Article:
Tateishi referenced the 1978 JACL National Convention’s election of Clifford Uyeda, who ran as the “redress candidate” after serving for a year and a half as the chair of the National Redress Committee following the death of Edison Uno, who is regarded as one of the “founding fathers” of the campaign for redress.
Tateishi said that what pushed Uyeda over the top in voting was “ … a resolution that was introduced here at the convention. It was a resolution that defined what we would do as a policy of redress, and it said $25,000 per person affected by the government’s orders during WWII.”
Also included was a call for a trust fund, but left out were specifics on how any of this might happen. Also not included: a call for an apology, even though the Civil Liberties Act actual redress legislation of 1988 did include one.
“We decided not to include an apology because the feeling was that if we put that out there in front of politicians, that’s what they would choose, and they would ignore the money,” Tateishi said.
Tateishi, noting that there were many young people in the audience, later gave some context to the attitudes toward redress at the time, especially by the Nisei.
“When we started the redress campaign, there was a lot of dissension,” he said, recalling that at the 1978 convention during the debate, there was “so much anger at us for doing this, for pushing it.”
Still, the JACL was more unified than the greater Japanese American community.
“There were pockets or groups of people who supported it, certainly the younger, post-WWII Sanseis were pushing it. But in general, the Nisei did not want this to happen,” Tateishi said.
They didn’t want to talk about the camps, which was exactly what would happen after the legislation to create the CWRIC was enacted by President Jimmy Carter in the summer of 1980 led to hearings in several U.S. cities where Nisei and Issei publicly — and cathartically — exposed their long-buried traumas, many for the first time.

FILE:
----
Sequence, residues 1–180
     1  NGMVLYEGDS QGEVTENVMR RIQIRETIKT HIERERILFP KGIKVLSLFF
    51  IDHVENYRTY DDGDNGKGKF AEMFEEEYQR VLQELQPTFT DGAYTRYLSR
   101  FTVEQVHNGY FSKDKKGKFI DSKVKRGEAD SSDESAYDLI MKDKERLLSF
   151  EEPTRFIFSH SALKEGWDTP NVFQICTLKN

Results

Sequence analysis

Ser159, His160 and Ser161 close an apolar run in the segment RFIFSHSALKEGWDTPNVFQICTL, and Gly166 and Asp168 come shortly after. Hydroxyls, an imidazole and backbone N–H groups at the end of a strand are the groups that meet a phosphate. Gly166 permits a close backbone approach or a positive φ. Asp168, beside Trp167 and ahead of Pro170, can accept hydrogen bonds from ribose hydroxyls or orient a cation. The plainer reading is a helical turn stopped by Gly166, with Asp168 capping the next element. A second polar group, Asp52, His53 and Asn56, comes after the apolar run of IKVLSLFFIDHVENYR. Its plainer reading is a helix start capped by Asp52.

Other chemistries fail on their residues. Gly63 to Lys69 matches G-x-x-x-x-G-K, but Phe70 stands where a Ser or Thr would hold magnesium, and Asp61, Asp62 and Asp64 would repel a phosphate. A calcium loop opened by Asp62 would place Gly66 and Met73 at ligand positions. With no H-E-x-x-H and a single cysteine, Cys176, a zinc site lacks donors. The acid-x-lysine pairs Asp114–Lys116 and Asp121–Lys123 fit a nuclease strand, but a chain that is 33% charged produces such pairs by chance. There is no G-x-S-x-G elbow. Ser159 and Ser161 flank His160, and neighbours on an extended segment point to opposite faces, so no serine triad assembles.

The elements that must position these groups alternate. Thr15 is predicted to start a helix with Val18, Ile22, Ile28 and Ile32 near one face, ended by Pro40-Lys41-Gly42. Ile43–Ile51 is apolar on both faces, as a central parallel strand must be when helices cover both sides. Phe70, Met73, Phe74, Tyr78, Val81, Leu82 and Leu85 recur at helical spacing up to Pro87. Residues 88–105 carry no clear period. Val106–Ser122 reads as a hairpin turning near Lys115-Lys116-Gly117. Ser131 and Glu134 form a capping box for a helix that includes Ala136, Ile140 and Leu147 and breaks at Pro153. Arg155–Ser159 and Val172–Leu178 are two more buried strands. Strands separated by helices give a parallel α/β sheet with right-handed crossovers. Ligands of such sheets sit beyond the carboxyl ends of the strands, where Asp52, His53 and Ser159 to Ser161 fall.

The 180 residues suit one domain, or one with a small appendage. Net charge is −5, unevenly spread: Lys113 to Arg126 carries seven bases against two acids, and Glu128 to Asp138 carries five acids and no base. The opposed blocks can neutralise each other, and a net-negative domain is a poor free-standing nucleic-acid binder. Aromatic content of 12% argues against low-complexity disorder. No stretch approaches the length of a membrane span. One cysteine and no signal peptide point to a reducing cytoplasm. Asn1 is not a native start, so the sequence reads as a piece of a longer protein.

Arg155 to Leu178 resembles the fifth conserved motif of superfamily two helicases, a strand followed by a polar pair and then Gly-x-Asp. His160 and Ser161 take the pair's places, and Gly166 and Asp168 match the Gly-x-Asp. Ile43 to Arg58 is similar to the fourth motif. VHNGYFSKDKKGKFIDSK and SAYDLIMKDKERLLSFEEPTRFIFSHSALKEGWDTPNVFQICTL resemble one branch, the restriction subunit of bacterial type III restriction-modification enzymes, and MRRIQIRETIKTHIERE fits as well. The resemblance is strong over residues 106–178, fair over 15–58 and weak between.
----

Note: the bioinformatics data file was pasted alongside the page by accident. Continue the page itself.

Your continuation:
The eventual decision to form a commission was one that came about after a meeting in early 1979 between the JACL’s National Redress Committee and members of Congress that Tateishi dubbed “the Big Four”: Sens. Inouye and Matsunaga, and Reps. Norman Mineta and Robert Matsui, both Democrats from California, all Japanese Americans.
While the National Redress Committee knew “that Norm Mineta was 100 percent behind this,” Tateishi said, what was unknown was where Inouye and Matsunaga stood on the issue. (During the session, it was noted that Matsui, who had just been elected to Congress in 1978, was still a newcomer to national politics.)
Tateishi related how they went into the meeting with the Big Four with a couple of different concepts. One was the “bootstrap plan,” an idea from the Seattle coalition, which was a check-off on the IRS 1040 form. The other idea was for legislation that asked for a direct-compensation bill.
“We would go to the hill and fight an honest fight, and if we died with it, we died — but at least it would be an honest fight,” he said.
It was here where the politically savvy Inouye weighed in, with Tateishi quoting him as saying, “What you’re trying to do is succeed.”
The implication: Neither of these plans would work. It was a dose of political reality for the JACL representatives.
“If we didn’t end up with monetary compensation in the pockets of everyone, that was failure,” Tateishi said. “So, we adjusted the definition [of success] as we moved the campaign.”